IRON SPIDER-MAN (8″)
I recently had a birthday as you probably already know if you read this blog regularly. On my actual birthday I went out to my parent’s house for dinner. My folks bought me a Star Wars themed poker set with a light up case which was pretty cool, my sisters Katie and Angie got me some booze and a bunch of candy, and my brother Doug bought me a Pop! Batman figure complete with Batmobile which I plan to review soon.
The next night I hosted a birthday party with all my friends. I had a pretty good turn out and while I told people not to bring gifts I still scored big courtesy of my good pals who don’t follow instructions very well. I got plenty of booze and lots of birthday cards poking fun of my age but as far as “blogable” things go Andrew Vaughan is the only one who “brought it” that night. Andrew got me not one, but two, Spider-Man dolls. It was a nice surprise as they’re really cool figures and I’d never seen them before.
In the late 90s Toy Biz put out a line of 8” Marvel dolls under the banner “Famous Covers”. They were designed as an homage to the Mego toys of the 70s with real cloth clothing. The Famous Covers figures had very nice re-sealable packaging and were geared towards collectors. I own 4 of them; Spider-Girl, Green Goblin, Magneto, and Daredevil. The Daredevil was one of the very first toys I reviewed for this blog way back in December 2011 and I may have been a little harsh on him. he deserved higher than the 4 I gave him.
However, I wouldn’t exactly say that the Famous Covers dolls look cool. The supposed-to-be-tight-but-often-saggy real clothing paired with oversized rubber boots and mittens was not a flattering look. The expressions sculpted on their faces were sometimes a little over the top as well. They lacked the detail one would expect to find on a premium line of super hero dolls geared towards collectors. They almost looked silly. But that’s exactly why I think they’re awesome. Not everything needs to be photorealistic and gritty. Famous Cover dolls were unapologetically bright and goofy and, most importantly, fun. I would’ve loved to have a ton of them as a kid.
Sadly the Famous Covers line has been dead for many years now. I believe Toy Biz produced nearly 40 figures in total. It might actually be a fun line to go back and try to complete one day. However, when I opened my gift from Andrew I discovered that the Famous Covers line wasn’t as dead as I thought it was. Apparently it had gone through a bit of a makeover a few years back. This Iron Spider-Man figure was produced by Hasbro under the banner “Spider-Man Origins”. The copyright on the box reads 2006 which is quite a few years after the last Famous Covers figures were produced by Toy Biz. I’m not sure how many figures Hasbro produced in this scale but the back of the package shows that at least 8 Origins figures were released.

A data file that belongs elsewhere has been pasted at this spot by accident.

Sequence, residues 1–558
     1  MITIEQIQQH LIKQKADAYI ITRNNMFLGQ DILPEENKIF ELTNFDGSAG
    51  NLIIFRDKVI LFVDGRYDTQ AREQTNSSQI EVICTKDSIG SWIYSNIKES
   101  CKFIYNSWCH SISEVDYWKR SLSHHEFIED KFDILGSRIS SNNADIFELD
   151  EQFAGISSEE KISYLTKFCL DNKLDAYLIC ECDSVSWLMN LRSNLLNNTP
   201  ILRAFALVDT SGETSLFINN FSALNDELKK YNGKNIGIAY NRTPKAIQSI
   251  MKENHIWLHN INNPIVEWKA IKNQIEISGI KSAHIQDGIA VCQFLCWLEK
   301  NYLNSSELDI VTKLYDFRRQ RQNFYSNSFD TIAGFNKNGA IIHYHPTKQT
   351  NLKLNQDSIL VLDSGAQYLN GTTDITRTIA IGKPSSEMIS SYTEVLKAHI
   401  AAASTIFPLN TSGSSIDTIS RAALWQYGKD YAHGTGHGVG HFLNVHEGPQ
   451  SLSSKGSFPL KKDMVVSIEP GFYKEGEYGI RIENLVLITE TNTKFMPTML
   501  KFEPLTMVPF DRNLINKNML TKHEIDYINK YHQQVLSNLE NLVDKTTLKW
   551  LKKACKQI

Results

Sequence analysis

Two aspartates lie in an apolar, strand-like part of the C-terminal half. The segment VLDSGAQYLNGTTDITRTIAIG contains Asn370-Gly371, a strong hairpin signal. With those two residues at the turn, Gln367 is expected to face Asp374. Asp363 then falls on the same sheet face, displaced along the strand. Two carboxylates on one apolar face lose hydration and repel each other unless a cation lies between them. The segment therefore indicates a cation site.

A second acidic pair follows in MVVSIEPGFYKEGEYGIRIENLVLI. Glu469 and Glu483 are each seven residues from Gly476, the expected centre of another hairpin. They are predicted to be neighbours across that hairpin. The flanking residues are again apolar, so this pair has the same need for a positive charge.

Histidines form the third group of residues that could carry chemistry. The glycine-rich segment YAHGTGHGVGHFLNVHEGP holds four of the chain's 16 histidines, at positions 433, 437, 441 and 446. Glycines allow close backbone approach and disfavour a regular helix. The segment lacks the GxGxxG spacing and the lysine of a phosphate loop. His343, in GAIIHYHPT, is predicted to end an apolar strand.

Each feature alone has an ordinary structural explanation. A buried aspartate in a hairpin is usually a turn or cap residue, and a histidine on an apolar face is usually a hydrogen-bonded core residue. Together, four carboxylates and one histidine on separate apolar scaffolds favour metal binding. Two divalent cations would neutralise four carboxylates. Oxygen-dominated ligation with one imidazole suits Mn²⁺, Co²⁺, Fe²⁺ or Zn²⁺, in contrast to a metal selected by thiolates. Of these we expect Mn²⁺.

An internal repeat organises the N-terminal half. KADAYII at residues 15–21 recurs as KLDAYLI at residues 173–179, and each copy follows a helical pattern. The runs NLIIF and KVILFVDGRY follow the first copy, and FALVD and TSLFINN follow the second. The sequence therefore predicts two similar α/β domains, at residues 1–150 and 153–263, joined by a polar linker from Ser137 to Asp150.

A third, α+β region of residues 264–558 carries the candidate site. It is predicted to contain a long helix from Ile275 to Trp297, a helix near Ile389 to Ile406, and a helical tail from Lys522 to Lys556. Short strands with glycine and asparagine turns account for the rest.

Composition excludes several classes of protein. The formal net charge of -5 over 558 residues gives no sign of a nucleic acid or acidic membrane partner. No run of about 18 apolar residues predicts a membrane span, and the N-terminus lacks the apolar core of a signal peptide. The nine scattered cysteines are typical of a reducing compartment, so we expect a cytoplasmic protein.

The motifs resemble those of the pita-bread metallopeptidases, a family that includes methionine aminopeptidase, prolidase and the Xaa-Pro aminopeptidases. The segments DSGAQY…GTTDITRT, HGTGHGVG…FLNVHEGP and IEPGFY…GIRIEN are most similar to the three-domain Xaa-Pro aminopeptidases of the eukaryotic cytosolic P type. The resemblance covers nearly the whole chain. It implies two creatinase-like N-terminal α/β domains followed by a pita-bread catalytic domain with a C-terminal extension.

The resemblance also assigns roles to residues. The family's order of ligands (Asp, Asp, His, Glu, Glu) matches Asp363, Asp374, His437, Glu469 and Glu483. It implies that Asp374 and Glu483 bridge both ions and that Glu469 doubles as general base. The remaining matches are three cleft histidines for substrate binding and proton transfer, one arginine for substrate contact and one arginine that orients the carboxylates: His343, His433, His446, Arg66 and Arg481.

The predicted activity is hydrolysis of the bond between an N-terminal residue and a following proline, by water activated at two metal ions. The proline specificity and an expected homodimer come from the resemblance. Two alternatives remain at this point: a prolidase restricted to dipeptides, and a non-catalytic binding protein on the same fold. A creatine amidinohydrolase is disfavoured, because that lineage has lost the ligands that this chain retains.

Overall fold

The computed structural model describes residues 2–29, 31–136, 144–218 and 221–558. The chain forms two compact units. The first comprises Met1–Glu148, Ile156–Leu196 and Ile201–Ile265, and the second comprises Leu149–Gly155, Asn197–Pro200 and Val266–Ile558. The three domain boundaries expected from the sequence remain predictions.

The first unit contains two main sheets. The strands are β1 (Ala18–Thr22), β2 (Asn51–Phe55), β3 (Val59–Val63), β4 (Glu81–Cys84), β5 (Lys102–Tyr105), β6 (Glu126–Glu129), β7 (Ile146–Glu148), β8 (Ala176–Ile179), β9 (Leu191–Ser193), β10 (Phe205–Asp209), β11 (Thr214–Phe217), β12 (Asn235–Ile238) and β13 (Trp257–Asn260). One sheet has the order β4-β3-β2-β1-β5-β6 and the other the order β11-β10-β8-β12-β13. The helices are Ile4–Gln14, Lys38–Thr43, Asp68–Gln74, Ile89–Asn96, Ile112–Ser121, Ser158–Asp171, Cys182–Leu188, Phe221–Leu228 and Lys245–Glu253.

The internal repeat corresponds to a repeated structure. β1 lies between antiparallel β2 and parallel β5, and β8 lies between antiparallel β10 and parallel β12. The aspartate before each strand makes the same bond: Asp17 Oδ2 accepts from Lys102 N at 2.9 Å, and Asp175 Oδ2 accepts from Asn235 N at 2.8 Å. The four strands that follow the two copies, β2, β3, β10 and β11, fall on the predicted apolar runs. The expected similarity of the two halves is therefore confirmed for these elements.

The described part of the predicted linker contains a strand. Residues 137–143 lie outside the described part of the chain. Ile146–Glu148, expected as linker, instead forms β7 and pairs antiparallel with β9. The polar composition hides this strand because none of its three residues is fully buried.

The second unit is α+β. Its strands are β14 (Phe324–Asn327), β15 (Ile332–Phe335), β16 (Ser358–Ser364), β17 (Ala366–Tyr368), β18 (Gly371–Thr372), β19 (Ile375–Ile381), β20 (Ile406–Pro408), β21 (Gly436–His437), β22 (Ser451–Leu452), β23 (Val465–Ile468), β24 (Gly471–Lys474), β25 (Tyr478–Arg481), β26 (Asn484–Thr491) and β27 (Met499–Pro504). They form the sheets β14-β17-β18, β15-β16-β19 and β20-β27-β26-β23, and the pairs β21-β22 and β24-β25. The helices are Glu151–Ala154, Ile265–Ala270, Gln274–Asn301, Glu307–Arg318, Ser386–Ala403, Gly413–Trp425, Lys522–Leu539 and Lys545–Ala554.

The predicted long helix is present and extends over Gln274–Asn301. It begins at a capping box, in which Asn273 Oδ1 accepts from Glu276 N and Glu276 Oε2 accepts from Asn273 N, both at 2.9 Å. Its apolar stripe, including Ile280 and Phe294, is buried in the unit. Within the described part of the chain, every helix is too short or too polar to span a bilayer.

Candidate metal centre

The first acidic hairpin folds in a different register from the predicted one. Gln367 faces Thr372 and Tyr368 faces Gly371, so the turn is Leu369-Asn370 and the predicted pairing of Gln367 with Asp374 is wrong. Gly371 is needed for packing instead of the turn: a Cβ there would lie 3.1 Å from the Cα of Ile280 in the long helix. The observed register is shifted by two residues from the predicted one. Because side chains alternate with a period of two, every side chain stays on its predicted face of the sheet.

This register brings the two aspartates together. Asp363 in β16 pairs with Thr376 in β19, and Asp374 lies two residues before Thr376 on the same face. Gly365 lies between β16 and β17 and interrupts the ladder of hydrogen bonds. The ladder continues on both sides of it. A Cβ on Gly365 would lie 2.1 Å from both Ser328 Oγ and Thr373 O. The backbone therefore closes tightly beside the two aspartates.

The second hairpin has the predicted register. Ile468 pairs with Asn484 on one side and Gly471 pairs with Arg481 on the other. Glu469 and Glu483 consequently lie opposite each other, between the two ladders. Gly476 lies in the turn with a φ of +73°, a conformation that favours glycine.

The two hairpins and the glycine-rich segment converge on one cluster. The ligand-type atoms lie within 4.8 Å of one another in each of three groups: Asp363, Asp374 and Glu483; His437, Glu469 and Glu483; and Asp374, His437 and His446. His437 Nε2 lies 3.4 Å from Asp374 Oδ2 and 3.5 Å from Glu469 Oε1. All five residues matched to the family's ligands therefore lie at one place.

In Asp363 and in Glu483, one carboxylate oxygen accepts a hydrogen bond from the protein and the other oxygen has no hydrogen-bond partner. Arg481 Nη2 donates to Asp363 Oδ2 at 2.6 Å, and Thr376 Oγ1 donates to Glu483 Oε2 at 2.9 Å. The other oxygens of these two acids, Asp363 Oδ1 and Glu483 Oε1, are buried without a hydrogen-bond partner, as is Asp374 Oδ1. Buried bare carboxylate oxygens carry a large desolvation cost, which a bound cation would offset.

If you’re wondering “what the hell is an Iron Spider-Man?” allow me to quickly explain. During the Civil War story line of 2006-2007 the Marvel heroes were divided on their stance regarding the government mandated registration of super heroes. Captain America lead those who were opposed and Iron Man led those who were pro registration. To help rally heroes to his cause Iron Man convinced Peter Parker to unmask himself in front of the world. After that, Tony Stark gifted this highly advanced Iron Spider-Man suit to Peter. The red and gold costume showed the solidarity between Spidey and Tony. Peter eventually flip flopped and ditched the costume but fans seemed to like it and so it’s been made into action figure form several times. I previously reviewed the 4″ Marvel Universe version.
I like the Iron Spider-Man look but I’m glad it was short lived. This doll presents the look nicely. The costume fits quite well and the figure itself has an appropriately Spider-Man like physique.
The articulation is pretty standard for the Mego style construction which is to say that it’s good but not great; the cloth costumes hinders the movement some. This figure has articulated fingers which is nice but they missed the boat by not giving him hands that can be posed for web shooting. The head is simple but really well done with a metallic sheen to it. Then of course there’s the 3 (yes 3) spider legs that attach to his back. They snap into place and can be swiveled around but it would have been nice if there was at least one extra joint per leg.